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Turkish PM seeks support for expanded powers for Erdogan

Associated Press Associated Press 6 days ago
Turkey's President Recep Tayyip Erdogan addresses a parliamentary symposium on Jerusalem, in Istanbul, Tuesday, Nov. 29, 2016. Erdogan has urged Muslims to defend the Palestinian cause, striking a tough stance on Israel despite improved ties between the two nations. (Murat Cetinmuhurdar/Presidential Press Service, Pool photo via AP) © The Associated Press Turkey's President Recep Tayyip Erdogan addresses a parliamentary symposium on Jerusalem, in Istanbul, Tuesday, Nov. 29, 2016. Erdogan has urged Muslims to defend the Palestinian cause, striking a tough stance on Israel despite improved ties between the two nations. (Murat Cetinmuhurdar/Presidential Press Service, Pool photo via AP)

ANKARA, Turkey — Turkey's prime minister on Thursday moved closer to an agreement with the country's nationalist party over constitutional reforms that would usher in a system expanding President Recep Tayyip Erdogan's powers.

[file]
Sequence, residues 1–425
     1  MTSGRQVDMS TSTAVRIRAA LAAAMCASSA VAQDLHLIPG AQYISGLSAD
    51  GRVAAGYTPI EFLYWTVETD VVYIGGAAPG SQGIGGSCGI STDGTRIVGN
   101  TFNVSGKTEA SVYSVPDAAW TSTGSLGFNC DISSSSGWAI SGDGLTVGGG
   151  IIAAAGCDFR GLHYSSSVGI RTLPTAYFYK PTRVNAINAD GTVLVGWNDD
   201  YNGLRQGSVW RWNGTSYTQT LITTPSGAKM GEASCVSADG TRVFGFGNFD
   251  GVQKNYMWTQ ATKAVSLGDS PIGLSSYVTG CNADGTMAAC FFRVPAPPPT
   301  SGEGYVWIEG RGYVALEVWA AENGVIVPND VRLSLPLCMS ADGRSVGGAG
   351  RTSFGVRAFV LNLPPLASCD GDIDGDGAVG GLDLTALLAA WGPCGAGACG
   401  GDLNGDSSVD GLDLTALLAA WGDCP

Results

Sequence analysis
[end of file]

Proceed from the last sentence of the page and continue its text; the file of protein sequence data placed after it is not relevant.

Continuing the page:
Prime Minister Binali Yildirim's government is seeking the support of Nationalist Movement Party, or MHP, for a vote in parliament that would pave the way for a referendum giving the largely ceremonial presidency full executive powers.

Opposition parties have opposed a presidential system, since they fear it would allow Erdogan to rule unchecked. But MHP leader Devlet Bahceli has switched positions and recently voiced his party's support.

Speaking after the meeting "to smooth over" differences on the proposed changes, Bahceli said the talks had been positive. The prime minister said the ruling party would be putting the final touches of a proposal that will be submitted to parliament next week with the agreement of the MHP.

"The laws are clear. They foresee a referendum 60 days after the parliamentary process is completed," Yildirim said. "If everything goes to plan, God willing, (a referendum) can take place in the beginning of summer."

The most important change envisaged, Yildirim said, is removing a constitutional requirement for the president to have no party affiliation.

Erdogan founded the ruling Justice and Development Party, or AKP, but gave up his post as party leader last year when his term as prime minister ended and his mandate as president began. Although he now holds a traditionally ceremonial post, Erdogan has retained outsized influence over the ruling party and the levers of government.

Critics see efforts to transform Turkey into a presidential system as a bid to entrench Erdogan and his supporters at the expense of democracy and political diversity. The proposed political changes come in the wake of a failed military coup that paved the way for a sweeping crackdown on dissent.

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